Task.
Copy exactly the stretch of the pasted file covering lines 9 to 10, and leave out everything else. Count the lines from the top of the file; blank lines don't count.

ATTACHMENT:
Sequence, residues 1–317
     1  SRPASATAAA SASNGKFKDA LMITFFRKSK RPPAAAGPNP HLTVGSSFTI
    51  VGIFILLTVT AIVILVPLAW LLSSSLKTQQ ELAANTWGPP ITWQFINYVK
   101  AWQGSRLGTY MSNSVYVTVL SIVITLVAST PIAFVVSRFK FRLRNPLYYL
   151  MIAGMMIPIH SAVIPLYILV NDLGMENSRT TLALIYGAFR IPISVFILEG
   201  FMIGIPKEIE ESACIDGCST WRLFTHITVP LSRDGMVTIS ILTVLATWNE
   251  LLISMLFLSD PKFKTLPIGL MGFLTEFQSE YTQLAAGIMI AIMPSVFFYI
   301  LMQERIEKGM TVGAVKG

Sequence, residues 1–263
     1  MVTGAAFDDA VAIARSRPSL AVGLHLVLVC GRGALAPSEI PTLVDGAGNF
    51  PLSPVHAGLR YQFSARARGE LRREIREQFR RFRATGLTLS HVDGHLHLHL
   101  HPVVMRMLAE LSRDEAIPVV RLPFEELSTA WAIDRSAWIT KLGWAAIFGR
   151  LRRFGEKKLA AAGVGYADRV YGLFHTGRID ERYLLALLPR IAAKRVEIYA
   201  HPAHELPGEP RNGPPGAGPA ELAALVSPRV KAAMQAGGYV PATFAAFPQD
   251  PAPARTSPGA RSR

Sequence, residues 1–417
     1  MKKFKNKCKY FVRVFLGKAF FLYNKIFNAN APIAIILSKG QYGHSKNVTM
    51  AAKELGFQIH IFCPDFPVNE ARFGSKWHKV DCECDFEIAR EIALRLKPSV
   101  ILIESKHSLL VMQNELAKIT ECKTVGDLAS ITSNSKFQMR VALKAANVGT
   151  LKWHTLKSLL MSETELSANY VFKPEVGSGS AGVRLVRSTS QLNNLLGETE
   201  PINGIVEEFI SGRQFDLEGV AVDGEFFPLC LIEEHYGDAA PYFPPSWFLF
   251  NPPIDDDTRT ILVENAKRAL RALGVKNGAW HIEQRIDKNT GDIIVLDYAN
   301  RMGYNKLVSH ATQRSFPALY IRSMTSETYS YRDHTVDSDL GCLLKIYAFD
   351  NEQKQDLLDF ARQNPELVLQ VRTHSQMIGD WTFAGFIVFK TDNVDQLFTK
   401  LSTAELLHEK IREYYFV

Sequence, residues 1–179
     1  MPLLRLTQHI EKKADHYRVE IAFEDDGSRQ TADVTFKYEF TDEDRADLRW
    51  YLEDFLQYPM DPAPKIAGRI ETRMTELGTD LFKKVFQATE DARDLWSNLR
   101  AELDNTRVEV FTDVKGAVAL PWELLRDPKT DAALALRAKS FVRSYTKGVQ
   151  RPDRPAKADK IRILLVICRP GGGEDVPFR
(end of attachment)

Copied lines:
Sequence, residues 1–263
     1  MVTGAAFDDA VAIARSRPSL AVGLHLVLVC GRGALAPSEI PTLVDGAGNF